Entering the Cone Zone for road worker safety

Barriere

“Slow down and drive with care when approaching a “Cone Zone”. (CNW Group/BCAA Road Safety Foundation)”.

“Slow down and drive with care when approaching a “Cone Zone”. (CNW Group/BCAA Road Safety Foundation)”.

Every day thousands of workers in British Columbia work in the “Cone Zone,” potentially high-risk environments in close proximity to traffic.

They include municipal workers, landscapers, flag people, tow-truck drivers, road-construction and road-maintenance workers, telecommunications and utility workers, and emergency and enforcement personnel.

To make drivers more aware of the dangers, today, the Work Zone Safety Alliance has launched the “Cone Zone” campaign, a road safety initiative that encourages drivers to take care when driving near roadside workers.

“Safety is our number one priority and the ministry and our contractors work very hard to ensure both the safety of motorists and workers on all our projects throughout the province,” notes Transportation and Infrastructure Minister Blair Lekstrom. “It’s going to be a busy construction season on and around our highways, so please drive with caution around roadside workers.”

In the last ten years, 386 WorkSafeBC claims were made by workers — typically working in Cone Zones — who were struck by motor vehicles. Of the claims, 46 percent were classified as serious injuries and 3 percent resulted in the death of the worker.

“Many times drivers don’t associate traffic cones with worker safety,” says Donna Wilson, WorkSafeBC vice-president of industry services and sustainability, “but it very much is. In collaboration with our partners, this initiative can help to reduce these dangers and the risk of injury to workers.”

The campaign will focus on messages around reducing driving speed, avoiding driver distraction, and instilling respect for the roadside as a workplace. The objective of the campaign is to reduce the number of deaths and injuries of workers by increasing awareness of the vulnerability of people working at the side of the road in the “Cone Zone.”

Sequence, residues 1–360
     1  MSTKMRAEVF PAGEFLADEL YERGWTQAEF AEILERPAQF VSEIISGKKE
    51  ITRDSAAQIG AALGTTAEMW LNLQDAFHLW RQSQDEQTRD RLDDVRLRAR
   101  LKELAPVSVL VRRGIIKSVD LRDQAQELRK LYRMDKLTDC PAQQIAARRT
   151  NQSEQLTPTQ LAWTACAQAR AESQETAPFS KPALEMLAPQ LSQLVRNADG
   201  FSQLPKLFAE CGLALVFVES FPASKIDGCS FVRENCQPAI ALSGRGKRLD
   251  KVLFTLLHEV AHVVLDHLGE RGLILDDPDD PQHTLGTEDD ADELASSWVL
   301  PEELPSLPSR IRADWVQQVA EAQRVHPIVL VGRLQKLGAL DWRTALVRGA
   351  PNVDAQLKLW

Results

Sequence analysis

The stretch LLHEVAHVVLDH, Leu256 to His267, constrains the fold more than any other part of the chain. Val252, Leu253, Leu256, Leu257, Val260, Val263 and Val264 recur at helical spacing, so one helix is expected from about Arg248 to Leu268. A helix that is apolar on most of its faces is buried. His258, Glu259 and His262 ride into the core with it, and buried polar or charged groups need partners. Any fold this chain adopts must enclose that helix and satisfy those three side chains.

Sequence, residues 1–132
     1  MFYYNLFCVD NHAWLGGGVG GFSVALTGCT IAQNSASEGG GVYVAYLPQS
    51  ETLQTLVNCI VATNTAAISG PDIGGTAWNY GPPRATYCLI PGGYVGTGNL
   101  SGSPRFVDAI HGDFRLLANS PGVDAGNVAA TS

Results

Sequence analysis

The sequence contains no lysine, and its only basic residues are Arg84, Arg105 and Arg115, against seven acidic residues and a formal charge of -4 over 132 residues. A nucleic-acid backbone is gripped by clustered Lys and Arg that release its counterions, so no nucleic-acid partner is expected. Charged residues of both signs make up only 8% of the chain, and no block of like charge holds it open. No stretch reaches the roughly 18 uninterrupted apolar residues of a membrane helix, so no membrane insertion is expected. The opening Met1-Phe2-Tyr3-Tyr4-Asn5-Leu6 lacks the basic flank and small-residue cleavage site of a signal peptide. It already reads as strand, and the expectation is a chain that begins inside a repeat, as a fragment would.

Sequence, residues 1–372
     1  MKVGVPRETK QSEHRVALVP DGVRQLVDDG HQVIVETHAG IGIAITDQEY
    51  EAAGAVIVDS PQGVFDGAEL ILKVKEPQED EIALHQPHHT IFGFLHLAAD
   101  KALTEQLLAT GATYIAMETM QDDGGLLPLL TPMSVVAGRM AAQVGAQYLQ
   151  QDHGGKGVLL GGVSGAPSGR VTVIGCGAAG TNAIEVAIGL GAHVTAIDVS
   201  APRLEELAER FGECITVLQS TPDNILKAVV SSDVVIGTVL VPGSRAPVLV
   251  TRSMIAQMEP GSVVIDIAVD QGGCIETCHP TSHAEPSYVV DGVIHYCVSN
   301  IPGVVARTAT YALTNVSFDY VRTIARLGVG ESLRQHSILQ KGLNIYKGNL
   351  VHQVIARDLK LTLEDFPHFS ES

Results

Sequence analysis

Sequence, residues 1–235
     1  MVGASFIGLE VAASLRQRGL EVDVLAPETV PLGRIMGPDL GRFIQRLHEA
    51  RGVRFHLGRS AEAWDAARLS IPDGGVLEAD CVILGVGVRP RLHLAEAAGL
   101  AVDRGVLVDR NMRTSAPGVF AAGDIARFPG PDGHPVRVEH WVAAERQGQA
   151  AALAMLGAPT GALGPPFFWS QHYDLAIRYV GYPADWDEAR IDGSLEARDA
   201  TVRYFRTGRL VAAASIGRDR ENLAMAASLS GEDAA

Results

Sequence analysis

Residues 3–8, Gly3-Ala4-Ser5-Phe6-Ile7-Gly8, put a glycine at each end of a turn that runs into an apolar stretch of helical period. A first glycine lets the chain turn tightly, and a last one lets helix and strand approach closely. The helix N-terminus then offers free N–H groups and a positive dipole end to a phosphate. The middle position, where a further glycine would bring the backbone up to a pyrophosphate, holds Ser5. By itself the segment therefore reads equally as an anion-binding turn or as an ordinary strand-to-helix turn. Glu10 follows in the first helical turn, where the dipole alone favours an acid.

“The safety of all road users is the goal here,” says Allan Lamb, executive director of the BCAA Road Safety Foundation. “Too many flag people, tow-truck drivers, emergency response workers and others have been killed or injured while doing their job. The road is their workplace and deserves the same level of safety as any other workplace.”

The summer months see an increase in roadside work throughout the province. The “Cone Zone” message expands beyond the messages of two other initiatives — WorkSafeBC’s “Slow Down” signage campaign aimed at large construction projects, and the provincial government legislation that requires drivers to “slow down and move over” when approaching emergency vehicles stopped at the side of the road — to encompass all roadside workers.

The Cone Zone campaign is a joint provincial initiative supported by organizations committed to improving the safety of roadside workers. They are BCAA Road Safety Foundation, BC Ambulance Service, BC Construction Safety Alliance, BC Flagging Association, BC Hydro, BC Landscape and Nursery Association, BC Municipal Safety Association, B.C. Road Builders and Heavy Construction Association, FortisBC, ICBC, Ministry of Public Safety and Solicitor General, Ministry of Transportation and Infrastructure, Telus, The Community Against Preventable Injuries, Vancouver Fire and Rescue Services, Lower Mainland police, and WorkSafeBC.

When you enter the “Cone Zone,” reduce your speed, pay attention, and be respectful of the roadside workers and their workplace. For more information about roadside worker safety visit WorkSafeBC.com or www.BCAATSF.ca.

 

 

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